I think it’s going to just make the technical author’s job a lot more efficient. They’re going to be able to do more, create more content, which is a good thing for us. We want more content. We want to be able to produce more content. We want customers to be able to create more content more effectively and efficiently and more valuable content more effectively and efficiently. AI is going to allow that. I see it being a positive for technical authors. It’s a matter of embracing it and how do you integrate that with the solutions that we have that are going to make the difference.
If we sit there and try to ignore it, then it’s a problem. We ignore it as a potential risk to the author’s role and function within the organization. I think that we can all end up losing. I think it’s embracing it that’s going to be the important thing. It’s going to change the way we do things, but I think in a positive way.
SO: Looking forward at where this is going, and you’ve obviously got a huge amount of work to do in terms of product integration and alignment and just all the usual things that go with merging to companies, but whether it’s inside the organization, the now combined organization, or broadly in the industry, where do you see the biggest challenges that we’re facing or that you’re facing as you move forward in this space?
AO: I think the biggest challenge is, that I think it’s actually an opportunity, is companies are looking to content development or content in general as becoming more and more valuable to an organization. People are not going out there and making decisions, talking to salespeople as much as they used to. A lot of people want to make decisions on their own, and a lot of that comes down to reading the content, making decisions based on the content that’s out there, whether it be web-based content, instructions, user guides, things like that that make a prospect decide on whether a product is a viable solution for them or not.
That’s where the role of the content plays. I think that for us, bridging that gap between sales and marketing and content development, what we call content development, the traditional technical authoring content development, is going to start blurring. The biggest challenge is getting the technical authors to start embracing and seeing that they actually play a role in the sales and marketing, as well as from a top-down level as well, from a CTO level, from a CIO level, from a CFO level, even CEO level, recognizing that the content that’s being produced by the organization is driving a lot of those decisions on the sales and marketing side.
I think that that’s where we see the industry going a little bit more, the blurring of the lines between sales, marketing, and technical content. That brings an opportunity, but it’s also a challenge because we’ve got to start thinking about things a little bit differently. It’s not about just disseminating information, it’s also about selling the product or the services that we’re documenting. The other challenge, I think this is just generally something that we’ve always faced, is obviously resources. Biggest challenge is hiring quick enough to facilitate the growth and innovate on new ideas.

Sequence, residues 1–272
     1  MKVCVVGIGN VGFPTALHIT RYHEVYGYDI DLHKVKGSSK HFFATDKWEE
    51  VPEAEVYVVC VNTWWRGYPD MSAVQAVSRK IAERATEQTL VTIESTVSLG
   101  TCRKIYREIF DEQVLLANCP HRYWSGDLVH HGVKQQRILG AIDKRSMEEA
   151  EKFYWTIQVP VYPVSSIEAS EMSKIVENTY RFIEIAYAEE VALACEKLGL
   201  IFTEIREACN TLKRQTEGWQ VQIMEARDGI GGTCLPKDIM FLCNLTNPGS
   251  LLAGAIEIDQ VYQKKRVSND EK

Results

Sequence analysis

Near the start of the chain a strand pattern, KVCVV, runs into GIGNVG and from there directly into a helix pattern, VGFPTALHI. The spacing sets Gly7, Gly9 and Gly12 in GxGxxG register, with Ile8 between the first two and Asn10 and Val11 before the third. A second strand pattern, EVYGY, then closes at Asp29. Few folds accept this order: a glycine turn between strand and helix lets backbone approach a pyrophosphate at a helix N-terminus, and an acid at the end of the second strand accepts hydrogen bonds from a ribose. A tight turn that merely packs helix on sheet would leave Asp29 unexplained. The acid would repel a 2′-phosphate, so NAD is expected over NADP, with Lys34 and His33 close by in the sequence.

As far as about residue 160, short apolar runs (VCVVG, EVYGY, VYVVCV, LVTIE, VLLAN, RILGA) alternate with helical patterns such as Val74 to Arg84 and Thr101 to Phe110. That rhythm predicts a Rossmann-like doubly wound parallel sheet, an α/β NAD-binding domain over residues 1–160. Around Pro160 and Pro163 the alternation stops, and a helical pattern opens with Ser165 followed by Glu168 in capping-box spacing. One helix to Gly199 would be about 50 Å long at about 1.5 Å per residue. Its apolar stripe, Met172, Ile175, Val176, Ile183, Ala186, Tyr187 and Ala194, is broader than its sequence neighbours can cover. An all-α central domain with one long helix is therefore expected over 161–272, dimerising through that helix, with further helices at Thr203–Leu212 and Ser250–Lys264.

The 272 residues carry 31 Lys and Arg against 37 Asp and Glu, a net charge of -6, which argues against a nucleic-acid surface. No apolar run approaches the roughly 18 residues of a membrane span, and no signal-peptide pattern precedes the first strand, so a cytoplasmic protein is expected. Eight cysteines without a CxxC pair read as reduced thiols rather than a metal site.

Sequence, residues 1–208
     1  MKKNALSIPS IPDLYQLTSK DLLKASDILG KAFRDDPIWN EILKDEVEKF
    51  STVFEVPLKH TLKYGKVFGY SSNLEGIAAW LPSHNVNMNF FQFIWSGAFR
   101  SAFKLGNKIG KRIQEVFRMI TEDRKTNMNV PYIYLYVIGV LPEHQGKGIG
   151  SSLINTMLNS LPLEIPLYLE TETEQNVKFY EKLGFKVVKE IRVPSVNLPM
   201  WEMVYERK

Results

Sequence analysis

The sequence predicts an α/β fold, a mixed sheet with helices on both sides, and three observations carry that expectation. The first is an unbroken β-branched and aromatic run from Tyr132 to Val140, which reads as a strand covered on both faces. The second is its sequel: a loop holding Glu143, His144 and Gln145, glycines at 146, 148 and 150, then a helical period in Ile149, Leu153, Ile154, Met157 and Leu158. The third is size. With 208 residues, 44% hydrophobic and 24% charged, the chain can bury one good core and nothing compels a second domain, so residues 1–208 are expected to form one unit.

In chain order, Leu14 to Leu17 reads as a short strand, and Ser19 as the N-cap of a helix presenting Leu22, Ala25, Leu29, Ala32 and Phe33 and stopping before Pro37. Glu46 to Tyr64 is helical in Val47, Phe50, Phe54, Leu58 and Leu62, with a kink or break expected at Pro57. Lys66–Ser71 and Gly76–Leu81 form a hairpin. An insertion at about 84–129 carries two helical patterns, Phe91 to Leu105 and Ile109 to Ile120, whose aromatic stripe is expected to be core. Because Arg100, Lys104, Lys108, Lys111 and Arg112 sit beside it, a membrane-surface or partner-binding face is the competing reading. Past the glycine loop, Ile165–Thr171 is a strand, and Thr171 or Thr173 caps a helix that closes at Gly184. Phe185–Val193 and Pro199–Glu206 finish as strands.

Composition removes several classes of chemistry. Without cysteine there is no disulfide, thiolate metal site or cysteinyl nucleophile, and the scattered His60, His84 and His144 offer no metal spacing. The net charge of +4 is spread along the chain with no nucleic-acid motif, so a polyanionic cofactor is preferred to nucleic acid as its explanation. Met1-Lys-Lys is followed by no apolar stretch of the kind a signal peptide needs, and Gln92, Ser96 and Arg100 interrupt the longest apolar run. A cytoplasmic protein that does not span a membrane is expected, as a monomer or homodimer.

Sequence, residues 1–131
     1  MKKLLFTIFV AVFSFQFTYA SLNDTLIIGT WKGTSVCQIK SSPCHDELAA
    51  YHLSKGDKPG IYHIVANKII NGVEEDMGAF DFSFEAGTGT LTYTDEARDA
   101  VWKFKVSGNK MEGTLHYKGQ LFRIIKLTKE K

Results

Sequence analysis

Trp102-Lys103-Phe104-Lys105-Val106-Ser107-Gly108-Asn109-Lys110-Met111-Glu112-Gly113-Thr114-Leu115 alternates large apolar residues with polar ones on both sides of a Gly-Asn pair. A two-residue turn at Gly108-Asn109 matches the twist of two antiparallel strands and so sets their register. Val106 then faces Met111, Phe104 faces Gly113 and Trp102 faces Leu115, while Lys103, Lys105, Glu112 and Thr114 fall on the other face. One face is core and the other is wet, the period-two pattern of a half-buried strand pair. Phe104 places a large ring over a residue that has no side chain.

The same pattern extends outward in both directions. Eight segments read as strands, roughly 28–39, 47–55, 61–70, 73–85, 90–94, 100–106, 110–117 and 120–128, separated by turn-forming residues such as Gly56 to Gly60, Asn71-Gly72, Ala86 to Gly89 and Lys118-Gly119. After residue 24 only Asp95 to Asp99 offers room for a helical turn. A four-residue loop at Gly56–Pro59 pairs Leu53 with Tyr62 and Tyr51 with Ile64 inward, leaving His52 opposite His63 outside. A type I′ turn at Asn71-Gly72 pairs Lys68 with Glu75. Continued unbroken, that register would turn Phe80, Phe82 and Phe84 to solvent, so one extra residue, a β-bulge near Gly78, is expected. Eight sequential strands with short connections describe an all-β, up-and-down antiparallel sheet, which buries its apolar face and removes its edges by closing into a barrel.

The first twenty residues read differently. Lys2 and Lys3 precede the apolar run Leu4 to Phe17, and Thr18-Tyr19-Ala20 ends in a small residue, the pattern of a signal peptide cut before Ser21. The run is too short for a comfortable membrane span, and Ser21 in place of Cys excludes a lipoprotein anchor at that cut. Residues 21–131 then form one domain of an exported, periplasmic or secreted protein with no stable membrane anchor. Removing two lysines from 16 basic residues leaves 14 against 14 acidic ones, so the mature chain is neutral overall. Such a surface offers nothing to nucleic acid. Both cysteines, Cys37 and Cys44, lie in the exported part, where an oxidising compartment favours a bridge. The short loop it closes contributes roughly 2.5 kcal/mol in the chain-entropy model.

We’ve always been very good on the innovation side, but keeping pace with that I think is always the challenge. We’ve seen with ChatGPT and AI, it’s very, very fast-paced. We need to be able to keep pace with that, and we need to provide our users, our customers, MadCap customers, IXIA customers with solutions and features and functionality that keep pace with what’s going on on a macroeconomic level.
SO: Yeah, which is interesting because when you look back at, again, 20 years ago, we thought we were going pretty fast. When you compare the velocity from 20 years ago to where we are now, there’s just absolutely no comparison, and it shows no signs of slowing down. I mean, things are just getting faster and faster and faster.
Velocity is an interesting one. With the AI stuff that’s coming out right now, I worry about trust and reputation, because of course, ChatGPT has informed me that I have a PhD, which I appreciate, but. There’s stuff like that happening. What’s that going to look like to produce content and make sure that it’s accurate?
AO: Right, absolutely. And that’s where I think that you cannot replace the human aspect behind the technical author, the content developer’s role, because there’s only so much content. You can get as much content as you want from ChatGPT, but the verification of the accuracy of the content, making sure it makes sense, making sure there is some post editing and review process that goes into it. There’s always going to be that role, right? There’s certain industries that have to make sure that it’s 100% accurate. You just can’t afford to have inaccuracies or misinformation.
SO: I do appreciate my medical devices having accurate documentation.
AO: That’s right.
SO: Well, I appreciate your time. This has been really interesting, and I’m looking forward to seeing what the combined company is going to do. Because of course, you’re coming at the problem or the challenges of technical content from I guess somewhat different perspectives. It’ll just be really interesting to see how those combine and what comes out in the mix when it’s all said and done. Anthony, thank you for coming on and answering all my cheeky questions, and we will look forward to seeing you at the events coming down the pipe.
AO: Great. Thank you, Sarah.
SO: With that, thank you for listening to the Content Strategy Experts Podcast, brought to you by Scriptorium. For more information, visit scriptorium.com or check the show notes for relevant links.